Affording an Independent College Education
The overall tuition, or “sticker price,” of a private college may typically higher than the overall tuition of a public college. But once all types of financial aid are factored in, the actual out-of-pocket expense for many families often calculates to a similar amount or sometimes even less, than the cost of a public college.
Our 13 member institutions are deeply committed to keeping higher education affordable, particularly for economically disadvantaged students. For instance, more financial aid may be available to students going to private schools: the amount a Tuition Assistance Grant (TAG) provides for a private school can be thousands of dollars more than for a public school.
The actual cost of going to school can be calculated by tuition price minus a combination of financial awards and work study, plus federal and private loans.
Students must complete the Free Application for Federal Student Aid (FAFSA) to be eligible for federal student loans and for state grants and other scholarships.
More information on applying for scholarships can be found here.
The Consumer Financial Protection Bureau (CFPB) offers a tool that can help calculate costs and compare college costs and financial aid options.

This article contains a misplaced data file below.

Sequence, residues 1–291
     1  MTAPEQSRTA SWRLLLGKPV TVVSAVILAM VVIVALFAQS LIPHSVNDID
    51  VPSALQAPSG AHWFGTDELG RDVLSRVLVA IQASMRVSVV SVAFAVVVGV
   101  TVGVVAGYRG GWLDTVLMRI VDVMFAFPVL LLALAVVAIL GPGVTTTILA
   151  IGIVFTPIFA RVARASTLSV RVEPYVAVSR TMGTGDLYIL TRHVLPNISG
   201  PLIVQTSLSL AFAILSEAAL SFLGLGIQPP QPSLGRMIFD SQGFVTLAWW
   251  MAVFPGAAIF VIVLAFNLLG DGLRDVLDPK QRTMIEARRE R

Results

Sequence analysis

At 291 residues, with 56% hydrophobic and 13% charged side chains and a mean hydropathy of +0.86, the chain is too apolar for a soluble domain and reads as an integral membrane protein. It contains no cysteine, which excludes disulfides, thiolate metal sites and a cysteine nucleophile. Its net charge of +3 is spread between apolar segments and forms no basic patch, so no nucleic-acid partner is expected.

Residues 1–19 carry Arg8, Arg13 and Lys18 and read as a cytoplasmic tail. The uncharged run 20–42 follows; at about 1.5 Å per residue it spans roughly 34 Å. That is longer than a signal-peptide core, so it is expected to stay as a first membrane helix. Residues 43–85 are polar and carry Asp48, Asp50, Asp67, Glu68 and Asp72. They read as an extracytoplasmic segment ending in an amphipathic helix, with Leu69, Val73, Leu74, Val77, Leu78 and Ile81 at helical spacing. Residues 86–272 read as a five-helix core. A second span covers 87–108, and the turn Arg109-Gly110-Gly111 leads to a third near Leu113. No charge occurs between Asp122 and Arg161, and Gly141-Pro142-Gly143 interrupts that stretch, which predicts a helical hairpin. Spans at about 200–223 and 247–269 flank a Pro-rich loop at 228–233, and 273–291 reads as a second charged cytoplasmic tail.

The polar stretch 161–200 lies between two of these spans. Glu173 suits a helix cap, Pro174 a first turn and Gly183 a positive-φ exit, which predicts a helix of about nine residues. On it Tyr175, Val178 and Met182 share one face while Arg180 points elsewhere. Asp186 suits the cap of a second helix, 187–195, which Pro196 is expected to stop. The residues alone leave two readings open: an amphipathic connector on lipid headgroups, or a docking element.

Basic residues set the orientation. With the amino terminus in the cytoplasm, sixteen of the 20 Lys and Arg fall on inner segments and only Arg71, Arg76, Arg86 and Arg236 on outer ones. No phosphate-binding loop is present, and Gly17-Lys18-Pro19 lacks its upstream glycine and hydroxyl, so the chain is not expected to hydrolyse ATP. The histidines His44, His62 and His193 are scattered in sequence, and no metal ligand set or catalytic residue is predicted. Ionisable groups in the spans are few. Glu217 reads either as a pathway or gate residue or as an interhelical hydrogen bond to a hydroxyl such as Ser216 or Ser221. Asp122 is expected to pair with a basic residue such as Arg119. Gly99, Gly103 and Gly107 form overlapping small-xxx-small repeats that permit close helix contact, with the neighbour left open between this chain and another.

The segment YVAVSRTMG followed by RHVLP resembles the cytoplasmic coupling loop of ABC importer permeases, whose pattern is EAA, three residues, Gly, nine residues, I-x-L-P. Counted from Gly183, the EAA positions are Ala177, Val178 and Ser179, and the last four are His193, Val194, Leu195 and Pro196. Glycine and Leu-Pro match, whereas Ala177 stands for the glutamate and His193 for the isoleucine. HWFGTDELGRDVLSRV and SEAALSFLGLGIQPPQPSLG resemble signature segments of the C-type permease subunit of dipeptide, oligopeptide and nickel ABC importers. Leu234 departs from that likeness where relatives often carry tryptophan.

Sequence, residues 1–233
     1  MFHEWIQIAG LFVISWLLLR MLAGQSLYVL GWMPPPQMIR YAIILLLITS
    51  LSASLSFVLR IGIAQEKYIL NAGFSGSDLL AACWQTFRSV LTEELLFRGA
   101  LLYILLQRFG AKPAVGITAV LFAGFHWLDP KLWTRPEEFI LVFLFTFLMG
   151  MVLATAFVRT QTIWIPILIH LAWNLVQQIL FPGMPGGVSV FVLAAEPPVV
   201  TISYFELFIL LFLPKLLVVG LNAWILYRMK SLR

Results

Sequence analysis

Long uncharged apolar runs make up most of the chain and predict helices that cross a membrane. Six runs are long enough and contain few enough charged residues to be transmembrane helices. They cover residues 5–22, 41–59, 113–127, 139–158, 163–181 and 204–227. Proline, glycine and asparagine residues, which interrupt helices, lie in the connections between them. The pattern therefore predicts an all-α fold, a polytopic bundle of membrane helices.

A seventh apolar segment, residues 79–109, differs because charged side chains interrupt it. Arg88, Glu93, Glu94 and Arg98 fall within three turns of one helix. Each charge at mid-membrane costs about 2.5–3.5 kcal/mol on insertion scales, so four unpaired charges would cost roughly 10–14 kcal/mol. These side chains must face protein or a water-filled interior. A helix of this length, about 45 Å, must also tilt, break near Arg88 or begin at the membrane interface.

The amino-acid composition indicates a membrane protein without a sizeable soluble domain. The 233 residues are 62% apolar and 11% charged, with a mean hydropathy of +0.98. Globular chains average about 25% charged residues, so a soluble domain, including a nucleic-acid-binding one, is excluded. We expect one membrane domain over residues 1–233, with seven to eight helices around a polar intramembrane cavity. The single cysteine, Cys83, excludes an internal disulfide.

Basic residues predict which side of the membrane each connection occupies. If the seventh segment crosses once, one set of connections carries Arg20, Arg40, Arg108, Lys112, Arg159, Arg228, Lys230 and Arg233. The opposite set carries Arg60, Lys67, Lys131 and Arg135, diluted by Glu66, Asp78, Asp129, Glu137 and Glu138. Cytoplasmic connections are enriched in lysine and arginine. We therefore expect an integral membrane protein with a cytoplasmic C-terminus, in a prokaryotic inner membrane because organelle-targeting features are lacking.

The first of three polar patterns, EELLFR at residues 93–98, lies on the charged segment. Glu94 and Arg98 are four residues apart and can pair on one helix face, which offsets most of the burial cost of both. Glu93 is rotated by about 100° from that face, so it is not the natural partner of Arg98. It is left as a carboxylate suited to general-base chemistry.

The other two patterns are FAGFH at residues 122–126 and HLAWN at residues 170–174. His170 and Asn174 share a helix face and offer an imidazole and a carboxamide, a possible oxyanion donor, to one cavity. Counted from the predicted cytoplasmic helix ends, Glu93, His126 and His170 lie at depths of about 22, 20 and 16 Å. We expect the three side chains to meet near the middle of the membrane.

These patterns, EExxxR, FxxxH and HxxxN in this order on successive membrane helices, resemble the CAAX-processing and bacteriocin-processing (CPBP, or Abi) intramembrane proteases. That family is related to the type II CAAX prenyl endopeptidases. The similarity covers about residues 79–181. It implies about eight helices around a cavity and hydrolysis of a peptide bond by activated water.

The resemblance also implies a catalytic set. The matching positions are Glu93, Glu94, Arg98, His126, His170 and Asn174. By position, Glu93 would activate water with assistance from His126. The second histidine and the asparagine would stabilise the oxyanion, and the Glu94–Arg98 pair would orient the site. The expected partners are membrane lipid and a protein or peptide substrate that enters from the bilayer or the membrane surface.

Awards: Scholarships and Grants
Scholarships and grants are both forms of financial aid that help to pay for tuition, room, board and textbooks, but they differ in several respects.
Grants are usually need-based and are available based on criteria such as family income and usually come from federal and state government resources. The Pell Grant is a well-known federal grant program. Tuition Assistance Grants (TAG) and Educational Opportunity Fund (EOF) awards are provided by the state of New Jersey.
Scholarships are usually merit based, given to prospective recipients based on qualities such as athletic ability, academic achievement, commitment to a field of study or involvement in an extra-curricular activity. Many outside scholarships are available through community foundations, corporations, employers or other organizations. Resources for locating these include guidance counselors, community foundations and websites like FastWeb! and the College Board.
Grants and scholarships both usually have requirements that a student must meet to continue to receive funding, such as maintaining a certain GPA.
Information about ICUNJ-administered scholarships can be found here.
Federal Work-Study Programs (FWSP) provide part-time jobs for undergraduate and graduate students with financial needs, allowing them to earn money to help pay education expenses. The program encourages community service work and work related to the student’s course of study. Learn more here.
Work study opportunities are also available through individual institutions. Contact the school’s office of financial aid.
There are many types of student loans available. Students should explore all other options including applying for additional scholarships, cutting costs and getting a part-time job before taking out a private loan. Loans must be repaid. Repayment often follows a grace period after graduating or last date of attendance allowing time for students to secure employment. Federal student loans almost always cost less than private student loans and have more protections for when it’s time to repay.
More information about types of loans can be found at the Consumer Financial Protection Bureau.